During President Barack Obama’s January’s State of the Union address, citizens could follow along in real time with an online slide presentation which showed – in pictures and graphics – the major points the president was making just as he was making them.

The technique brought the viewers into the presentation in a way that simply watching or listening to the event could not. Visually, each of the president’s points was portrayed in a striking way that cemented the ideas in viewers’ minds better than a simple verbal presentation could do – even with the bright lights and grand chamber of the House of Representatives as a venue.

It has the potential to connect people to government, so it’s something federal officials in all agencies should look at, given its considerable potential.” – Darrell West

It was the online document sharing software technology that made this visual imaging possible. Today, if you go to the White House website, you can see the State of the Union with the slideshow next to it in a single screen.

And it’s not just the White House that is making use of this user-friendly online technique to connect with voters. From NASA to the GSA, departments and agencies are using user-friendly graphic presentations like SlideShare, Scribd, DocStoc, Issuu, eDocr and others to connect with voters.

But while the technology is catching on, there’s a long way to go to get the rest of the government involved, according to the experts, who say that almost every agency could find a way to use the technology if they experimented with it.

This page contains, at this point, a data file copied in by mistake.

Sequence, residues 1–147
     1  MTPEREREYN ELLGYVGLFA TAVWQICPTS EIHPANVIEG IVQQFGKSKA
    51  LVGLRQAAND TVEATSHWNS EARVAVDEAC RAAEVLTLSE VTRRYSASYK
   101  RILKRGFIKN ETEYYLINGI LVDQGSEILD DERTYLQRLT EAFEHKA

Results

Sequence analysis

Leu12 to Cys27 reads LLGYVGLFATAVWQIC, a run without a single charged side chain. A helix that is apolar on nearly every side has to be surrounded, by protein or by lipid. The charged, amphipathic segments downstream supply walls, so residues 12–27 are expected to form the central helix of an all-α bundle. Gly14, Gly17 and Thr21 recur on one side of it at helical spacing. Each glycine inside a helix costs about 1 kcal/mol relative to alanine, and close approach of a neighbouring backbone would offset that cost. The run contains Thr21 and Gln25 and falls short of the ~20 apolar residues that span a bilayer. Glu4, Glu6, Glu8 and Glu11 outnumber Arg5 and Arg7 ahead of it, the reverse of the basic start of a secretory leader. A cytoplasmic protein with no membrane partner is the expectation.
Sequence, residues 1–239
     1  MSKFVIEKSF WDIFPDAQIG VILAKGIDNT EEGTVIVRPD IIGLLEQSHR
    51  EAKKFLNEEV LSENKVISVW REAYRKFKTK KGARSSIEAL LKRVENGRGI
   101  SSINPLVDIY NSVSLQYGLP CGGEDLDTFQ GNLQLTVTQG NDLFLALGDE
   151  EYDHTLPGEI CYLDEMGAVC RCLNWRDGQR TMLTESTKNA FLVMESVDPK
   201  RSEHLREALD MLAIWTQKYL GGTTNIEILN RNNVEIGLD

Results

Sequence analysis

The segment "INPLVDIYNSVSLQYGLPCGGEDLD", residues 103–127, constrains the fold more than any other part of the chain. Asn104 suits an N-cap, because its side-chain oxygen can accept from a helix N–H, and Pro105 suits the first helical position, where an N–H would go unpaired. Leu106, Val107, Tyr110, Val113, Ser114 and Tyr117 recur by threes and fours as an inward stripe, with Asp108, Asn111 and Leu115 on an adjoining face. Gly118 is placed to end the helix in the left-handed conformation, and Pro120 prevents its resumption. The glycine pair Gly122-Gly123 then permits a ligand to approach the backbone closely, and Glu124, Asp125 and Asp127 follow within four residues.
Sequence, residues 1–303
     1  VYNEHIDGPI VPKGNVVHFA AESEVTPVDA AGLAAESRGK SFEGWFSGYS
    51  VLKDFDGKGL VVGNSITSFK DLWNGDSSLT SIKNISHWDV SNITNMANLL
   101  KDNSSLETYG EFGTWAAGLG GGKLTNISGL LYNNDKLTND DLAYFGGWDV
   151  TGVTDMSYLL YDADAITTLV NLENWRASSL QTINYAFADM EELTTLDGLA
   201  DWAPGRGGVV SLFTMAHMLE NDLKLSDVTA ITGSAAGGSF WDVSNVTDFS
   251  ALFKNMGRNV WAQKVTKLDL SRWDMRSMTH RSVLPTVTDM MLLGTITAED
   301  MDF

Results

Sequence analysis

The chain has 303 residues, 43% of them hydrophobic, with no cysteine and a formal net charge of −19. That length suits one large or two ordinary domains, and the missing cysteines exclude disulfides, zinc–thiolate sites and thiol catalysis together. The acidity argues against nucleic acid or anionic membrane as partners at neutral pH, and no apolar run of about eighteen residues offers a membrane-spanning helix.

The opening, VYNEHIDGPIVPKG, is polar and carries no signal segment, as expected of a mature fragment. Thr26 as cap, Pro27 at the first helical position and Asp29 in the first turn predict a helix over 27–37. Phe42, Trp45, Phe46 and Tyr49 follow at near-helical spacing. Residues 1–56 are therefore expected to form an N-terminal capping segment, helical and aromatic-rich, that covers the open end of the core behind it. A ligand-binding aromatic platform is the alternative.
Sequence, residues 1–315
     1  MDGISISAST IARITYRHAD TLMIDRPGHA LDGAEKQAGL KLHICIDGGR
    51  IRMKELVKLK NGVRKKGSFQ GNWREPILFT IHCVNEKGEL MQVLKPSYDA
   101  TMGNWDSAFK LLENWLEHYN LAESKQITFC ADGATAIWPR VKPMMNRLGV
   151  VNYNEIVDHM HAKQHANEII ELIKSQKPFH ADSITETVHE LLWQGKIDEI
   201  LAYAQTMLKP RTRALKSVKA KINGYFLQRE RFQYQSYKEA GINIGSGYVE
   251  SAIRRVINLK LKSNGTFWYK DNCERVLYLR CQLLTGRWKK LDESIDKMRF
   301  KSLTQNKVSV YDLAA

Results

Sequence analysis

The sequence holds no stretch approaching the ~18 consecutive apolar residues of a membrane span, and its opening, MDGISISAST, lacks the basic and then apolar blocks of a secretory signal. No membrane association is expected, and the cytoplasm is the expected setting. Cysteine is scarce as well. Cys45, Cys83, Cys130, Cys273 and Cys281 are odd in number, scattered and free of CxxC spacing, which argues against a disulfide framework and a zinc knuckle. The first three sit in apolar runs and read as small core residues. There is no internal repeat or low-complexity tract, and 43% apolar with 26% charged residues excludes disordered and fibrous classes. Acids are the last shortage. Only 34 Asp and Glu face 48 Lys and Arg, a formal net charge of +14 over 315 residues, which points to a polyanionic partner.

“A few agencies are using it. But it has the potential to connect people to government, so it’s something federal officials in all agencies should look at, given its considerable potential,” said Darrell West, founding director of the Center for Technology Innovation at the Brookings Institution think tank. “It’s a way to share information and people like that. They find it easy to use and it’s a way for agencies to get information to the general public.”

Experts say one agency – NASA – is a model of a great way to use the technology.
“One of the standouts is really NASA,” said John Wonderlich of the Sunlight Foundation, which advocates open government. “You can follow many of their programs. Their work is well-suited to sharing with the public and it is a definite standout.”

Stephanie Schierholz, NASA’s first social media manager who recently left the agency for the private sector, said NASA has been using SlideShare, one of the software platforms since May. She said one of the reasons the space agency is so attuned to using such techniques stems from their 1968 charter, which calls for the agency to communicate what it is doing to the public.

She said SlideShare allows visitors to browse through the site’s information without downloading it, as opposed to downloading a PDF document, for example, which takes time and is sometimes unwieldy.

One of the most popular features, she said, stemmed from the recently ended Shuttle program, in which images of the launch, taken with cameras mounted to the sides of the shuttle, would be posted on the site.

“It’s an incredible view,” she said. Another use of the SlideShare technology involves Space Station astronauts sending back images of weather on Earth – hurricanes for example – that make excellent viewing and sharing. She said many visitors to NASA.gov then repost the images on other social media, like Facebook and Twitter, which further expands the reach of the agency.